Bil’s rating (out of 5): BB.
USA, 1948. Walter Wanger Productions. Screenplay by Maxwell Anderson, Andrew Solt, based on the play Joan Of Lorraine by Maxwell Anderson. Cinematography by Winton C. Hoch, William V. Skall, Joseph A. Valentine. Produced by Walter Wanger. Music by Hugo Friedhofer. Production Design by Richard Day. Costume Design by Dorothy Jeakins, Barbara Karinska. Film Editing by Frank Sullivan.
Dry, clunky adaptation of Maxwell Anderson’s play, one of many films on the subject of the Maid Of Orleans that has failed to win audiences over (Preminger’s version based on the Shaw play is another example; perhaps Dreyer’s Passion of Joan Of Arc ruined it for everyone?) Ingrid Bergman gives an unconvincing performance as the young peasant girl who heard the voices of God and his saints tell her to lead an army against France’s British enemies and put the Dauphin (a debuting Jose Ferrer) on the throne. She accomplishes this, but a break with the Dauphin, now king of France, sees her continuing to lead the French army against his wishes and gets her arrested as a political prisoner. From there the film plods through her famous trial, eventually leading to her being burned at the stake as a heretic, but the bloodless direction by Victor Fleming never really lets anything happen emotionally. Bergman is working hard to sell the character, but pairing up her natural acting style with Anderson’s theatrical dialogue (which doesn’t adapt comfortably to the big screen) is a terrible combination that leaves her looking desperate. Visually it is spectacularly achieved, with fantastic cinematography and rich production and costume design, but the experience of watching it is very wearing.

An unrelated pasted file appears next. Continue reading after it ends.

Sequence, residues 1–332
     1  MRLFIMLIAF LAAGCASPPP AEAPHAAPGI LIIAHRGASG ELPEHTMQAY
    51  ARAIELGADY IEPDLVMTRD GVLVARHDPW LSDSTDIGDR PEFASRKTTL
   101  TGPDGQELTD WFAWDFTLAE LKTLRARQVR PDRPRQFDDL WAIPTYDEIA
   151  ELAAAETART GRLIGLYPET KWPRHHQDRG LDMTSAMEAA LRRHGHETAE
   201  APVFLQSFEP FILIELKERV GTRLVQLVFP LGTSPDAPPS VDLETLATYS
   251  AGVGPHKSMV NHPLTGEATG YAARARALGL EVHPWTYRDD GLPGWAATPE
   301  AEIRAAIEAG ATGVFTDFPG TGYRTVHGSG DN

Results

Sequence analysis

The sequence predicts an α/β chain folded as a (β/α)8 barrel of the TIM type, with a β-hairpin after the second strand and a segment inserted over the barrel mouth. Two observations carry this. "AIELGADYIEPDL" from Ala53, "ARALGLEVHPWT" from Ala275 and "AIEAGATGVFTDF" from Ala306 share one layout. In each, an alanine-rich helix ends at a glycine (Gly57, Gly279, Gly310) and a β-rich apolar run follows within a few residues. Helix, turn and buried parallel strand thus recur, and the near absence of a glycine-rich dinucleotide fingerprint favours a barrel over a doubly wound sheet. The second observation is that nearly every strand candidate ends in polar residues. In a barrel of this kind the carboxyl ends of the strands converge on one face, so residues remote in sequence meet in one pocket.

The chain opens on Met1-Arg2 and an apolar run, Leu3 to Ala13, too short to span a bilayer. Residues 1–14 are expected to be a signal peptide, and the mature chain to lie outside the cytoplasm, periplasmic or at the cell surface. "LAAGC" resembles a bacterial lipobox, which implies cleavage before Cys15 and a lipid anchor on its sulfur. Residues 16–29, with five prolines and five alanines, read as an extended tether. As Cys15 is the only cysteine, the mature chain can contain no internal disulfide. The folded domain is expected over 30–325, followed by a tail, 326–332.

Academy Awards: Best Cinematography-Colour; Best Costume Design-Colour; Special Achievement, Walter Wanger
Nominations: Best Actress (Ingrid Bergman); Best Supporting Actor (Jose Ferrer); Best Art Direction-Colour; Best Film Editing; Best Score of a Drama or Comedy Picture